I’m worried there won’t be enough comment on the ‘No’ vote, so I’ve decided to make a blogtervention (and if I’ve just coined that word, I hereby copyright it). With a relatively small swing, the British establishment would have been in meltdown today. The panic and intimidation of the past two weeks revealed just how threatening a ‘yes’ vote was and how hopelessly unprepared they were for it – yet another reflection of their arrogance, complacency and detachment, but also their latent weakness, insecurity and fear. As it stands, to quote a very disappointed ‘yes’ voter from Glasgow this morning, ‘it’s same as’.
The sounds of magnanimity and reconciliation won’t last long. Perfidious Albion will stitch the Scots up again. You can already hear back-tracking on the tripartite ‘pledge’ and the right-wing (including UKIP) using it as leverage to pursue their reactionary agenda. It would be great if the radical, vibrant forces of the ‘yes’ campaign can hold the government to their word, but I worry there will be an equal retreat into disillusionment.
It’s nauseating to hear the institutions of state, from the BBC to the Queen, breathing a collective sigh of relief, but nothing is more disgusting than the role of the Labour Party in all this. I don’t pretend to know the workings of Scottish Labour and I know it has a dynamic of its own, but at a national level, are there any depths ‘New’ (yes, it’s back – it never really went away) Labour has not plumbed? If Salmond has played Cameron like a violin, Miliband has been a Stradivarius in the hands of the Tories. As so often before, Labour has ridden to the establishment’s rescue. If it had been a ‘yes’ vote, Labour would have got the blame. Do they seriously think they’re now going to get the credit for ‘saving the Union’? Of course not. The Tories are going to play this for all it’s worth and – with a superficially recovering economy – will try to ride the wave through to the election. If it had been a ‘yes’ vote, Cameron would have been down the road by now. As it is, Miliband, Darling and Brown have handed him a political reprieve, in return for a brief moment of glory. This Faustian pact could come back to haunt them, particularly in Scotland. With no sign of any policies (including on housing) that might win back working class voters throughout the UK, the slow, miserable death of the Labour Party continues.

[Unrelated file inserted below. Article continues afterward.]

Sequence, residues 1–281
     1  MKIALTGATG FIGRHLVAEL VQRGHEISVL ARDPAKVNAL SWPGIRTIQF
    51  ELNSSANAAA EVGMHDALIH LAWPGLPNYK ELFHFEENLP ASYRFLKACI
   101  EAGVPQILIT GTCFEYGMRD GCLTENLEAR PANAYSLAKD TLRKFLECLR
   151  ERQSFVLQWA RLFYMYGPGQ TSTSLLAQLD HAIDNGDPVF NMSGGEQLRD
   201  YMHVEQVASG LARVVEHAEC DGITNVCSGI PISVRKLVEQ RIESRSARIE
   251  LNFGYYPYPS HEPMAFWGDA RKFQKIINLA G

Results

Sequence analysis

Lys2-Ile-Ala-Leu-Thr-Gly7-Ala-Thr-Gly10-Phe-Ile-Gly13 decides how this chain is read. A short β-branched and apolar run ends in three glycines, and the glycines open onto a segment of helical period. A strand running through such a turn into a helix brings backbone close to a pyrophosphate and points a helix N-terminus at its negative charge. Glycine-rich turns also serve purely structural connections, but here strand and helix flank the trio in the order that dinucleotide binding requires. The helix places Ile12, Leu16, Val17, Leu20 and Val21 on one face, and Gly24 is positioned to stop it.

I feel disappointed because, above all, what’s been lost is a moment when the vitality of optimism triumphed over the pessimism of the status quo, but it’s not over yet!